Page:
LA district releases value-added scores for schools
Los Angeles school district officials aren't waiting for negotiations with the teachers' union to release value-added scores.
But the scores they unveiled this week may not overly rile teachers and critics of value-added methods, which use standardized test scores to predict student growth. The reason? These scores are for entire schools, not individual teachers.
"Some critics say the value-added approach is too volatile to be used for teacher evaluations," writes the LA Times, which set off a firestorm by commissioning its own analysis and releasing teachers' scores. "But most experts say it is more accurate for campuses because it is based on the performance of hundreds, if not thousands, of pupils."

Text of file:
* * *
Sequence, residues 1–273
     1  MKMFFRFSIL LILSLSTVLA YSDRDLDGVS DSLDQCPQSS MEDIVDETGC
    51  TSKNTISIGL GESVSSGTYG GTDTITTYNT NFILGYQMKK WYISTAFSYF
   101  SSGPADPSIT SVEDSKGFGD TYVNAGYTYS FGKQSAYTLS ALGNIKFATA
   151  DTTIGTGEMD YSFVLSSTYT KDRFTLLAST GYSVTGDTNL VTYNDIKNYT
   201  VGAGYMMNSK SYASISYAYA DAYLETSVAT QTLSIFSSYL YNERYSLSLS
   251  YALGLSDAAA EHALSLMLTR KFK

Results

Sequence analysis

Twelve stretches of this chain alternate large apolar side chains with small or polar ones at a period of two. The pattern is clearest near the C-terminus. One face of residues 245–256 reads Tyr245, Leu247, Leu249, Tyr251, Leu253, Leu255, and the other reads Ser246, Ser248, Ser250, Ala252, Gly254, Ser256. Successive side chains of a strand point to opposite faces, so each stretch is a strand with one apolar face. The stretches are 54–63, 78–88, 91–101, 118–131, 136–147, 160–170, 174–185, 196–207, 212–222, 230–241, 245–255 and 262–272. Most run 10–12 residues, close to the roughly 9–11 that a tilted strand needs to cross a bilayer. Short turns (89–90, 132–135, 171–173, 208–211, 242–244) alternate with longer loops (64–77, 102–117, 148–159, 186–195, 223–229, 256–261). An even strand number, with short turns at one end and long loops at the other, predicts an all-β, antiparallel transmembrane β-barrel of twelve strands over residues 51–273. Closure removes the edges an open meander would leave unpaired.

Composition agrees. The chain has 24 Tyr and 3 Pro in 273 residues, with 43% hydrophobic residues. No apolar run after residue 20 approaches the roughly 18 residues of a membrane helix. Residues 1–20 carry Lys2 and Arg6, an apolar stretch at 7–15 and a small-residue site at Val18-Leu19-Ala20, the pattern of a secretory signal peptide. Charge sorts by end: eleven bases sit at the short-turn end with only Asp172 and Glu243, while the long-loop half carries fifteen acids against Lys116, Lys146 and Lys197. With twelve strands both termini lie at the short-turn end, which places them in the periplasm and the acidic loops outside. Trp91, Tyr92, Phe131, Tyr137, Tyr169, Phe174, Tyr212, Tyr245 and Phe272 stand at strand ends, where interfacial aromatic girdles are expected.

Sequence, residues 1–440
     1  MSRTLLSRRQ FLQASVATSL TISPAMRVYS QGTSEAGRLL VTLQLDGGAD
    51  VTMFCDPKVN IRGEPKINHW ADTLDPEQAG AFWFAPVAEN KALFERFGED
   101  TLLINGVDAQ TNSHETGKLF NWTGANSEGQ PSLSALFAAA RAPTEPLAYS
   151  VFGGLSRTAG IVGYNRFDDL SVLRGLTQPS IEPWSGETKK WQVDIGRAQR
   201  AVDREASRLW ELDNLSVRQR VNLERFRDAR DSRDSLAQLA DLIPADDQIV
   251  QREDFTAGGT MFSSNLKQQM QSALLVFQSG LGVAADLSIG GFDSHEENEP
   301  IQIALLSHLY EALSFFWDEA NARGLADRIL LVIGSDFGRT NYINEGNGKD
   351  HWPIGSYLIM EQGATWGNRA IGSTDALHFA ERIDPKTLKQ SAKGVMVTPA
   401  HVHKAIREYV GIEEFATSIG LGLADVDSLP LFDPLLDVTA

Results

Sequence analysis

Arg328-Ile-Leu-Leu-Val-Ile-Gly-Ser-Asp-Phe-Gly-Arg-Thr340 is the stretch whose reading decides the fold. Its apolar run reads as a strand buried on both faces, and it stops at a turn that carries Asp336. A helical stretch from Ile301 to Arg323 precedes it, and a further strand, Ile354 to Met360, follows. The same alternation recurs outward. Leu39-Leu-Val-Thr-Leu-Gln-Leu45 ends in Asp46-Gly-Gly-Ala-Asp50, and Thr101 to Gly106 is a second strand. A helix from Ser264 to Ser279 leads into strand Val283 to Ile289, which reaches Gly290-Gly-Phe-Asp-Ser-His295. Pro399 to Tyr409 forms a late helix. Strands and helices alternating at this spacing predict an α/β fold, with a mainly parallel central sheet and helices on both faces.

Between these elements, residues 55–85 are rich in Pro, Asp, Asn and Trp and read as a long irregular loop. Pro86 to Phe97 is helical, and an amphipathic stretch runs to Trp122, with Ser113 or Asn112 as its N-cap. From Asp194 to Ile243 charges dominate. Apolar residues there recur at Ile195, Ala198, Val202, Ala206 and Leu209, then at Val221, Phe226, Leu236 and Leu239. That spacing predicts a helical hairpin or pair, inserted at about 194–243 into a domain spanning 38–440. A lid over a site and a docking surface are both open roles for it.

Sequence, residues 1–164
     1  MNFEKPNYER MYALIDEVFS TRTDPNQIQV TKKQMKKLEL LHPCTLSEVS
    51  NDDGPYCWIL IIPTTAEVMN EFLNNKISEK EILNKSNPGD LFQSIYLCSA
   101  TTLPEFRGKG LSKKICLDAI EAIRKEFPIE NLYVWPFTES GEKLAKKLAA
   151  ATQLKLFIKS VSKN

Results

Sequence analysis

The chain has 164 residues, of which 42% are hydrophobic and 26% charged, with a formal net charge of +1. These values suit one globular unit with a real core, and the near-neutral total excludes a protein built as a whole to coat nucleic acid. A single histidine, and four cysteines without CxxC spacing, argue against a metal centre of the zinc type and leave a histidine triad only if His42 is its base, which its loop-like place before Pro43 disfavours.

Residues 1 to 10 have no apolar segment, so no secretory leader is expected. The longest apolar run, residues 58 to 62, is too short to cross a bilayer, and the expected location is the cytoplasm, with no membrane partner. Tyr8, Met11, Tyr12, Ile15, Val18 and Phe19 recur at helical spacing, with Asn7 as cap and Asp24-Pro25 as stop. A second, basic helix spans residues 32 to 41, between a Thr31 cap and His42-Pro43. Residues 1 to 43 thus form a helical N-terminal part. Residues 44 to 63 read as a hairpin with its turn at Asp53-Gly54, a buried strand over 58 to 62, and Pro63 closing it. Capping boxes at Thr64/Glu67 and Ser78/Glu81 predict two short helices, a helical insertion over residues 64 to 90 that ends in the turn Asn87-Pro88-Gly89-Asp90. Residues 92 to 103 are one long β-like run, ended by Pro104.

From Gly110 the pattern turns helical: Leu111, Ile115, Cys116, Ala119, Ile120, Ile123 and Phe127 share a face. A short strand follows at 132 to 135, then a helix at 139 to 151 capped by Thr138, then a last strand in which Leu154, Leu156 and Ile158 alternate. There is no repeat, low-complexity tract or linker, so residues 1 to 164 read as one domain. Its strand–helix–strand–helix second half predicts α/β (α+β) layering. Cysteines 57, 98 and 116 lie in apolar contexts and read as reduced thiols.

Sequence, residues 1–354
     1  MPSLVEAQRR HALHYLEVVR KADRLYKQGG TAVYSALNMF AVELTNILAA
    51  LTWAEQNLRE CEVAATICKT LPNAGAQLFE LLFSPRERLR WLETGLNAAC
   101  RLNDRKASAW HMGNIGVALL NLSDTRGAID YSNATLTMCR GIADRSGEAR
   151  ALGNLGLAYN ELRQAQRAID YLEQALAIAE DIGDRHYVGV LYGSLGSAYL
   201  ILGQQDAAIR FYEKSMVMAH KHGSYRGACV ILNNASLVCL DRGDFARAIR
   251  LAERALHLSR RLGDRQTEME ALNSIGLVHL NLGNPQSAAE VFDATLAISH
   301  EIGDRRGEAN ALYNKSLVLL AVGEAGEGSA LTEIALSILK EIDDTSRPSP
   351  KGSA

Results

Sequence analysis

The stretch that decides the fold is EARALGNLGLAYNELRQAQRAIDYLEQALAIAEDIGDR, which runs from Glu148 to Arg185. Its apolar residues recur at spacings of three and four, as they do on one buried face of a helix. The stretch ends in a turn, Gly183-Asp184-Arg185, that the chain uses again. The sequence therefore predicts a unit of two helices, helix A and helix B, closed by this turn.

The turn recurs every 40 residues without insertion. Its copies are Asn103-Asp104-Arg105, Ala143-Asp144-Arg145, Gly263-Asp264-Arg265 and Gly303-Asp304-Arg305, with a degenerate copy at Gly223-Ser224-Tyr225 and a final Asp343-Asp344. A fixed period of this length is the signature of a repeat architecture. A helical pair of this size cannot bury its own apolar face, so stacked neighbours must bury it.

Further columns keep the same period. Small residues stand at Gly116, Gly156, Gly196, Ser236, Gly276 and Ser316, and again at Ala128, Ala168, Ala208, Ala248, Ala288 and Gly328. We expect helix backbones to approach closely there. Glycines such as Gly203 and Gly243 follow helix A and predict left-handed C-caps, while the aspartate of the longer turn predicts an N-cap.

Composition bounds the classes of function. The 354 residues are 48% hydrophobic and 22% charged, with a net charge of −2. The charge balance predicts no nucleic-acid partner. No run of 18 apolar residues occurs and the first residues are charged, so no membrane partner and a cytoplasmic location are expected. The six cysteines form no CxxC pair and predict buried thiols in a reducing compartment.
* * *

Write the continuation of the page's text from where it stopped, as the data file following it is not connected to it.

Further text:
That's the approach Colorado has taken, using such scores to flag potential problems in schools, rather than as part of a teacher's final evaluation score.
But Los Angeles officials, as well as those in Hillsborough and Florida's Department of Education, say they can also design a value-added system that rates individual teachers without wrongly labeling them. The proof -- in the first round of teacher scores, as required under Senate Bill 736 -- comes this September.